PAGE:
After years of drought, heavy rains across the state have finally refilled many North and East Texas reservoirs. Check out the Tribune's Reservoir App to see where the drought has receded, and which Texas communities' reservoirs are still parched.Full Story
A Democratic state lawmaker on Monday kicked off efforts to force a discussion about climate change in Texas, but he faces an uphill battle in a state where most Republican leaders don't believe it is a problem.Full Story
Texas’ oil and gas industry is touting its record-breaking 2014 contributions to state and local government coffers, an effort to stay positive amid 2015's far gloomier revenue outlook.Full Story
The country has been trying to figure out for decades what to do with the high-level radioactive waste from nuclear power plants. The operators of a nuclear waste dump in West Texas have told federal officials they'd be happy to take it.
Texans must wait for an answer to a vexing question: How far below the earth’s surface do property lines extend? The Texas Supreme Court evaded the issue Friday, deciding a case that pitted petroleum interests against property rights advocates.
According to the most recent state and federal data, average levels of ozone — more commonly known as smog — decreased by nearly 25 percent in Texas between 2000 and 2013. But does the credit for cleaning up Texas air belong to Gov. Rick Perry? Neena Satija writes that opinions vary wildly.Full Story
The Railroad Commission wants to beef up oversight of oil and gas wells in cities, and ease tension between the industry and the growing number of urban Texans living next to well pads, compressor stations and disposal wells.
No one disputes that high levels of methane have shown up in several Parker County water wells. But the source of the gas has stirred a heated debate. The Railroad Commission says a new academic study pointing to drilling isn't enough for it to reopen the case.Full Story
As shrubs and seedlings take hold in Bastrop State Park, which was devastated by a fire three years ago, park officials face a new quandary: An abundance of whitetail deer is threatening the new growth.Full Story
Where there’s oil and natural gas, there’s money to be made and jobs to be found. But the challenges these dramatic booms present for communities across South and West Texas are immense. Revisit our 15-part multimedia series to see how surging energy production is changing lives and fortunes across Texas.Full Story
Texas leaders weren't always so skeptical about climate change. But the state's rightward shift, coupled with a booming oil and gas economy, have changed the tenor of the debate. Scientists and environmental advocates say that's a growing problem for Texas, the country's biggest climate polluter. This story was produced in collaboration with The World, a program by Public Radio International.Full Story
Over the objections of Texas officials, the Obama administration on Wednesday proposed a long-delayed rule to slash levels of ozone – a smog-forming pollutant known to worsen asthma, lung disease and heart conditions.Full Story
As drought continues to grip Central Texas, those looking to provide water to the region’s fast-growing cities and suburbs see a solution in the Carrizo-Wilcox Aquifer, which they say has enough water to support growth for centuries in the area. But others fear the resource will be drained at their expense.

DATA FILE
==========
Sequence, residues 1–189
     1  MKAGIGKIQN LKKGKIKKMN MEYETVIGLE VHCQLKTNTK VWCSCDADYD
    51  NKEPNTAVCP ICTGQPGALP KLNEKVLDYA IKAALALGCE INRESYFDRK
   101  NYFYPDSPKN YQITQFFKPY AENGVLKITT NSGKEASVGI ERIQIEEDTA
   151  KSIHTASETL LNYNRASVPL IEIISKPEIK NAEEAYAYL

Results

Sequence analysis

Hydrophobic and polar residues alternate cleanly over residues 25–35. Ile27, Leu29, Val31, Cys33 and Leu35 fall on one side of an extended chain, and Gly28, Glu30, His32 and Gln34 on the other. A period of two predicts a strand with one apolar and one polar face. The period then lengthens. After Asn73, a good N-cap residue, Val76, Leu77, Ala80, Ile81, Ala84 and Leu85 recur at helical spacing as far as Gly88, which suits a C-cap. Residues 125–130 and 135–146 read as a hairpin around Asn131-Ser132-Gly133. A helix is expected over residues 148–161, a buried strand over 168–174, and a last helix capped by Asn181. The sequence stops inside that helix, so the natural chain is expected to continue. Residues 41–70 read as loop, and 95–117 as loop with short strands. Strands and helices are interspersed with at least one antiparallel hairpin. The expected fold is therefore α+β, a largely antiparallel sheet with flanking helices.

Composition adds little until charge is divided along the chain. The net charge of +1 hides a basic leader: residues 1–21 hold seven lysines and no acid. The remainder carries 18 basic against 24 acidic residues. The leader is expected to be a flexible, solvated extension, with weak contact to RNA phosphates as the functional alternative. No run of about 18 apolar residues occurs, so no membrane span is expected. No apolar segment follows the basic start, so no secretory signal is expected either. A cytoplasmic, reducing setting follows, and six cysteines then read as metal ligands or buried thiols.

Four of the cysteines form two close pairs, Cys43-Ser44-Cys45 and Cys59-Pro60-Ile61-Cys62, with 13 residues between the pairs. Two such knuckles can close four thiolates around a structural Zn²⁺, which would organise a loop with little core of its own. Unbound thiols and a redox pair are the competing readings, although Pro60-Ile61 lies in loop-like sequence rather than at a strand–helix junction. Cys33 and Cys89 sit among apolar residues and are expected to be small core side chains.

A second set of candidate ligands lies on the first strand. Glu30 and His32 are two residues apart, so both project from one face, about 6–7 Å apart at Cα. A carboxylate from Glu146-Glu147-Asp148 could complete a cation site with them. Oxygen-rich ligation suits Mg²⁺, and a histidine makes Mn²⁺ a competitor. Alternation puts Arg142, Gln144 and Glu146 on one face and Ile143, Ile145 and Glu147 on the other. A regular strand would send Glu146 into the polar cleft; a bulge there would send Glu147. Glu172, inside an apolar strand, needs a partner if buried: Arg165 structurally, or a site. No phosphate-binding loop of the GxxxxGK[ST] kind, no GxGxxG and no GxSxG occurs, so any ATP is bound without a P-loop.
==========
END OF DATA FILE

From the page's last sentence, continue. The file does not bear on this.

Several thwarted legislative proposals to overhaul the Texas Railroad Commission — the state's curiously named oil and gas regulator — have resurfaced in the race for an open seat on the commission, illustrating key differences between the candidates' priorities.Full Story
The Houston Ship Channel has grown in recent years and is now one of the world's most important transportation waterways. But some scientists argue the bustling channel could be vulnerable to what they say are the effects of climate change.Full Story
The Obama administration's plan to slash emissions from coal-fired power plants continues to be a source of great debate. But a number of Texas utilities say their investments in natural gas and renewable energy sources have left them well-positioned to meet their potential carbon targets.Full Story
As state water planners prepare to spend $2 billion in public funds to address Texas’ water needs in the coming decades, scientists say that state leaders' skepticism on climate change will only impair such planning. The scientists say higher temperatures due to global warming are already diminishing water resources.Full Story
Texas-based climate scientists — some of the world's most renowned — say that Texas could be a global leader in protecting against climate change. But if state agencies continue to fail to take climate change into account when planning for the state’s future, the scientists argue, Texans will suffer a direct impact.
The Rio Grande has been the lifeblood of the land it flows through for more than 3,000 years. But its future has never been more uncertain. Reporter Colin McDonald and photojournalist Erich Schlegel are traveling the length of the Rio Grande, interviewing those who depend on it and cataloging its chemistry and biology from the Rocky Mountains to the Gulf of Mexico.Full Story
Responding to questions about whether fracking has pushed methane to migrate into a North Texas neighborhood’s water supply, the Railroad Commission of Texas last month effectively shut the door on its investigation, saying that oil and gas drilling was not to blame. But independent geoscientists remained divided on the issue.Full Story